Despite the challenges of the current environment, Ethiopian Airlines is already operating at 40% of its pre-COVID capacity. Simple Flying caught up with acting Chief Commercial Officer Esayas WoldeMariam to find out how the airline had achieved this recovery and how the future was looking now.
Simple Flying asked acting Chief Commercial Officer at Ethiopian Airlines, Esayas WoldeMariam, how the airline’s network was looking now. He told us,
“Both passenger and cargo combined, we have resumed about 40% of our operations from pre-COVID.”
40% is a pretty strong recovery level, particularly for such an international airline as Ethiopian. Border restrictions make it difficult to move people, and demand is low. Ato Esayas confirmed,
“The flights may not be with dense passenger load factors, but much rather the payload capacity being put to good use for conveyance of cargo and whatever number of passengers we have above the wing. The combined economics are still palatable for us to continue densifying our hub and spoke network.”
Dealing with border problems
Before the pandemic, Ethiopian flew to a massive 129 destinations in 75 countries. While the airline is keenly ramping up domestic routes amid an easing of restrictions nationally, the general consensus is that international will take a lot longer to recover.
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For an operator that relies heavily on hub and spoke services, this makes things tricky. Many carriers in the Middle East who similarly count on this sort of strategy are concerned about the outlook. Some have parked large planes long term, or deferred deliveries of new ones, anticipating a lengthy downturn.
However, Ethiopian’s rapid pivot to cargo operations has seen it restoring a considerable amount of its international network. Indeed, the carrier has been flying to places it has never been before and has restored a huge amount of its previous route map, thanks to cargo ops. Where it can’t fly people, it flies goods. Esayas told us,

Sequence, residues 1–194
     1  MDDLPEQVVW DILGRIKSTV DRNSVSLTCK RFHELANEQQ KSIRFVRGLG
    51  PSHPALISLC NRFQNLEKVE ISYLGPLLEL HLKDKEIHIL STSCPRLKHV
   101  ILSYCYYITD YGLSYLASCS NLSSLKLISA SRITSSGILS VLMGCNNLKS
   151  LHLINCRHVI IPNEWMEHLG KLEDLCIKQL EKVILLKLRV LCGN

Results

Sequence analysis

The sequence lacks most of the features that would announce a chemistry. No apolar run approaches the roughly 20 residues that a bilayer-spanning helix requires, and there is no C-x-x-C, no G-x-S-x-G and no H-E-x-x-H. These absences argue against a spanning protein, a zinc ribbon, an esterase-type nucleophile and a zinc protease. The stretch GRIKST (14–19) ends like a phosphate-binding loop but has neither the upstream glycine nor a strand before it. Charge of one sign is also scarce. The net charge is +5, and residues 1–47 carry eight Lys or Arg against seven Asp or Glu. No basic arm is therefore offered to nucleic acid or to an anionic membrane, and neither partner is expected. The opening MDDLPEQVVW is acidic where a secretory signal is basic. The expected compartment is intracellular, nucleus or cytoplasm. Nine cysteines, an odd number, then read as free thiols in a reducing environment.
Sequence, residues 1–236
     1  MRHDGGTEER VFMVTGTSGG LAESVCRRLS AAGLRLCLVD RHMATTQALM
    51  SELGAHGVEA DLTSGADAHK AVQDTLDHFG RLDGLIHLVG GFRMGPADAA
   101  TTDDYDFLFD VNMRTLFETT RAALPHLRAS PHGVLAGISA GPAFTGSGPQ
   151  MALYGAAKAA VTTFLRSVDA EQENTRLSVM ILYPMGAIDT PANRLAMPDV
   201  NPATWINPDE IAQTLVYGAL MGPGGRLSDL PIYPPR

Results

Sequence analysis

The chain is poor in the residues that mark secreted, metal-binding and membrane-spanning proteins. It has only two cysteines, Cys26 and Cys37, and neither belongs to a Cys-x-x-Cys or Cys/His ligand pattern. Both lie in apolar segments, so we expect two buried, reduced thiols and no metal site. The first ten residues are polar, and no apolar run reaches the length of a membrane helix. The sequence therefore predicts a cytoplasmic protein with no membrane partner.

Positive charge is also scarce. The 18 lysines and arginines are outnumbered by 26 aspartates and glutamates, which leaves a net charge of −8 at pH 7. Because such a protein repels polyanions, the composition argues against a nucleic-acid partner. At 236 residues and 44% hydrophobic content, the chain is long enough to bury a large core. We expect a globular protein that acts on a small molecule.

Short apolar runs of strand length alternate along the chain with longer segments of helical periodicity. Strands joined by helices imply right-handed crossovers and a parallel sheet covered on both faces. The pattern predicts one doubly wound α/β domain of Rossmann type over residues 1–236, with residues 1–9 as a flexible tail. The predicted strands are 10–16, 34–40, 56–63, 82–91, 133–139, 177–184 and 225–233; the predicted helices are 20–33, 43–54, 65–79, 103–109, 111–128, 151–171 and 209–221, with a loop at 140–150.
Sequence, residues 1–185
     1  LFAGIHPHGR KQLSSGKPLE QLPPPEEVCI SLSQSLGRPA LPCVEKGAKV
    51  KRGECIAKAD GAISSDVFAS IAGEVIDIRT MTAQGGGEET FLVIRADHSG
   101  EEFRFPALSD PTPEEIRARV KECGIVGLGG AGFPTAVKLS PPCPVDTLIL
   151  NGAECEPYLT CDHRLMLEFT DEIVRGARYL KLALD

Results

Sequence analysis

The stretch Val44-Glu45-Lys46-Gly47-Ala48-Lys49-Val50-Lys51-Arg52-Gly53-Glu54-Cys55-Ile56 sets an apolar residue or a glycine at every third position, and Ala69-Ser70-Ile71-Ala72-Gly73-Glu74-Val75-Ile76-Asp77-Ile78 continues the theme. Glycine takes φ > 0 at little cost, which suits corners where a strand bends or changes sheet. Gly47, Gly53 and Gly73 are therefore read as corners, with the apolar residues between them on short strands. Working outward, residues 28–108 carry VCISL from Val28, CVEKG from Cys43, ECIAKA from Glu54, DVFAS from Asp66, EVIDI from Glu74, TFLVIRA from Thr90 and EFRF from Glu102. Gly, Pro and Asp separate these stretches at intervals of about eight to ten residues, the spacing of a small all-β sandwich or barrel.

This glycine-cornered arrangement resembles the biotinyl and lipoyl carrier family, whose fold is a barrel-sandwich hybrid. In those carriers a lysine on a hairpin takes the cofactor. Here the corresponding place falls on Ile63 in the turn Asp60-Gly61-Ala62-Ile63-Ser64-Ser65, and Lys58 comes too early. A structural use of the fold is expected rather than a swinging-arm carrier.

“Right now, many of the air spaces are still closed. And for those places which are still closed, we are flying into them not for passenger purpose, but for cargo. We are flying wherever there is cargo demand.
“When passenger flights are getting opened … we are still keeping busy.”
Optimistic for the future
Changing border restrictions on passenger movements have stunted the recovery of some carriers who rely on shifting people. In Europe, in particular, airlines have laid on capacity and then pulled it off again amid fluctuating quarantine rules and infection rates. For Ethiopian, cargo has been a savior, allowing the airline to maintain a reasonable level of cashflow regardless of the restrictions it faces.
All in all, this has led to a very positive outlook for a robust recovery. Even with no bailout, no mass layoffs and a distinct lack of downsizing, Ethiopian Airlines is looking keenly towards the future. Esayas summed it up, saying,
“We are working hard and smart. We are trying our best to use the opportunities and using our agility to diversify the business model. So, we’re very hopeful and optimistic for what the future brings.”
When was the last time you flew Ethiopian? Let us know your experiences in the comments.